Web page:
Update 19 September 2019
Vantablack is no longer the blackest black
Engineers at the Massachusetts Institute of Technology (MIT) have developed a new material that’s ten times blacker than anything previously created. Comprising carbon nano tubes, the new material captures 99.995 percent of all incoming ambient light.
By vertically aligning the microscopic carbon filaments, MIT engineers created something like a forest of trees that grew on a piece of chlorine-soaked aluminium.
The new material has been on show at the New York Stock Exchange in an exhibition called The Redemption of Vanity. The artwork on display was conceived by artist Diemut Strebe in collaboration with MIT professor of aeronautics and astronautics Brian Wardle. The exhibit is 16.78 carat natural yellow diamond valued at US$2 million coated with the new black material and the effect is remarkable. The diamond appears like a black void, so dark that it stands out conspicuously against a conventional black background.
The MIT team hadn’t set out to discover something blacker than Vantablack, they were simply looking for a way to grow carbon nano tubes on materials which would boost their electrical conductivity. It was only when the nano tubes were growing on the treated aluminium that it was noticed how black the substance became.
Rejigit Update 04 February 201
The feud between the art-world and Anish Kapoor about the colour black is ongoing.
Artist and paint developer, Stuart Semple has had remarkable success with a Kickstarter initiative promoting Black 3.0, a new paint which he describes as the mattest, flattest, blackest black paint available.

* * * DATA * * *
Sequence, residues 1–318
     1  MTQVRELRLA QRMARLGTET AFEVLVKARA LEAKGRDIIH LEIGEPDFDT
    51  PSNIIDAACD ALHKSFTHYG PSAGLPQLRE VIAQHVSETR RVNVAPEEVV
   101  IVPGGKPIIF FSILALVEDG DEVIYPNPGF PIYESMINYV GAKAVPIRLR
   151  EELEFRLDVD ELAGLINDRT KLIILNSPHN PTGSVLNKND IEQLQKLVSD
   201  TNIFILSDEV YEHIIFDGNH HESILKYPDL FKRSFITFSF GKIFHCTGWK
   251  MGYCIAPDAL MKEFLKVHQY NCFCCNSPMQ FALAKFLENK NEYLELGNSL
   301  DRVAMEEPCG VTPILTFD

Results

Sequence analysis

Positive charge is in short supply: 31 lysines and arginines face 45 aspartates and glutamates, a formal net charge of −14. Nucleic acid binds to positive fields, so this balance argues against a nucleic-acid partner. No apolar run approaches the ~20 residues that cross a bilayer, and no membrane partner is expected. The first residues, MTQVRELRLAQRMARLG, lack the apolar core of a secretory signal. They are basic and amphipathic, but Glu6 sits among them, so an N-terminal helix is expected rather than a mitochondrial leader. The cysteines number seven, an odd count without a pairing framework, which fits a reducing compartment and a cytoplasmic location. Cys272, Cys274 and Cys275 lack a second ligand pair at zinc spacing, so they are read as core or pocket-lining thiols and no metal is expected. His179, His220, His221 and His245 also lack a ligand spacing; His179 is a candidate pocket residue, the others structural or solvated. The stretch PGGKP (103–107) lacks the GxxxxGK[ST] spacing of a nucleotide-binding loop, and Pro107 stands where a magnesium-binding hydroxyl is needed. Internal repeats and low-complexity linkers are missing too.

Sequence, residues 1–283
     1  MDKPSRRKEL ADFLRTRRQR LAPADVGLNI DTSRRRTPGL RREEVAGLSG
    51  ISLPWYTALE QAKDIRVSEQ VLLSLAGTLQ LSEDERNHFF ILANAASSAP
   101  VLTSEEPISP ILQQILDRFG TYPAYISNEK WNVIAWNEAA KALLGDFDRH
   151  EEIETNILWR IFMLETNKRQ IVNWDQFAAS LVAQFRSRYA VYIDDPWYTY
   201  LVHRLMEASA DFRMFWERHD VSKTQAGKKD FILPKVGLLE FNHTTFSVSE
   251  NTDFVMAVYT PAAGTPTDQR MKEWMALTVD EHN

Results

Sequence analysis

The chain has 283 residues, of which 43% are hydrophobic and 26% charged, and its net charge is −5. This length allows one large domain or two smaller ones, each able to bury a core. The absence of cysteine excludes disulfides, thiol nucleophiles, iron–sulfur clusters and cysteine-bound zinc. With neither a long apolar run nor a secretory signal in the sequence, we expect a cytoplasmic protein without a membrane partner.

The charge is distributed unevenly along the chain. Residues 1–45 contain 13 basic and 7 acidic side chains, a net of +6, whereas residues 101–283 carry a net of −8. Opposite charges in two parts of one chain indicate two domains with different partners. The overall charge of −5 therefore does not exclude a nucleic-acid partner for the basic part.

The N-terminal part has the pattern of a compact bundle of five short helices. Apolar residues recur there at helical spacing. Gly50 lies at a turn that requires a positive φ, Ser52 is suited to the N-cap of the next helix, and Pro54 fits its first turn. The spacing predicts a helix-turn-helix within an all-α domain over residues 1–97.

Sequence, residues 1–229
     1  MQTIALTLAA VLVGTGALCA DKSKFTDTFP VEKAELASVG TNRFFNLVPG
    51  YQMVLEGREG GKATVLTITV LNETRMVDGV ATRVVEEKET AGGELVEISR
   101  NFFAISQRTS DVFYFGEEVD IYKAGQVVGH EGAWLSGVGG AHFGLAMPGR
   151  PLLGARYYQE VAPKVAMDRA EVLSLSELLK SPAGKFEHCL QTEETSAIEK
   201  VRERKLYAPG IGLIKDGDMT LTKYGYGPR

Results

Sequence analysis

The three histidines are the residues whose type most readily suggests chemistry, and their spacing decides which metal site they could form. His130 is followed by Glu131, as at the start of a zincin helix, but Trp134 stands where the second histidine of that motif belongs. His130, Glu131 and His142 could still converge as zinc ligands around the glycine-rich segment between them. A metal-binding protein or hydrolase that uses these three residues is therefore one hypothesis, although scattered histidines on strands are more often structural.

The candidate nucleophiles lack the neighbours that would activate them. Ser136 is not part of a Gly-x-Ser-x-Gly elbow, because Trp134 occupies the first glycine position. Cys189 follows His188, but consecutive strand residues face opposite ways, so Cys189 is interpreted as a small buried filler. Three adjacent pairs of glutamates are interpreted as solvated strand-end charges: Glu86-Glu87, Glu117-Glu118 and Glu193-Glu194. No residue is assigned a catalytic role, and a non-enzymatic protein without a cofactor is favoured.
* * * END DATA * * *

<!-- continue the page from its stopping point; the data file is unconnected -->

It is claimed that Black 3.0 absorbs 98-99% of visible spectrum radiation. The product combines black pigment with a custom acrylic polymer and its extreme matt finish is achieved by the use of nano-mattifiers.
As at today, the Kickstarter campaign has raised NZ$244,293 from 2947 backers and it still has fourty six days to go.
Rejigit update: 7th December, 2016.
Sir Anish Kapoor has purchased a US$13.5 million apartment in Herzog & de Meuron’s Jenga shaped high-rise building at 56 Leonard Street in New York’s downtown Tribeca neighborhood,
Rejigit previously blogged about Sir Anish Kapoor, 12th May 2016 with regard to his Chicago public installation known as Cloud Gate.
It would appear that he has provoked the anger of fellow artists by acquiring the exclusive rights to the "blackest black" in the world. Known as Vantablack®, the colour pigment is so dark, it absorbs 99.96 percent of light. The colour is produced by the UK firm Surrey NanoSystems and was developed for military purposes such as the painting of stealth jets.
“It’s blacker than anything you can imagine, Kapoor has said and It’s so black you almost can’t see it. It has a kind of unreal quality.
The material is so dark it makes crinkled aluminium foil appear flat.
Kapoor clearly knows the value of this innovation with regard to his work. “I’ve been working in this area for the last 30 years or so with all kinds of materials but conventional materials, and here’s one that does something completely different,” he is quoted as saying.
However, Kapoor’s decision to withhold the material from fellow artists has sparked outrage across the international artists community.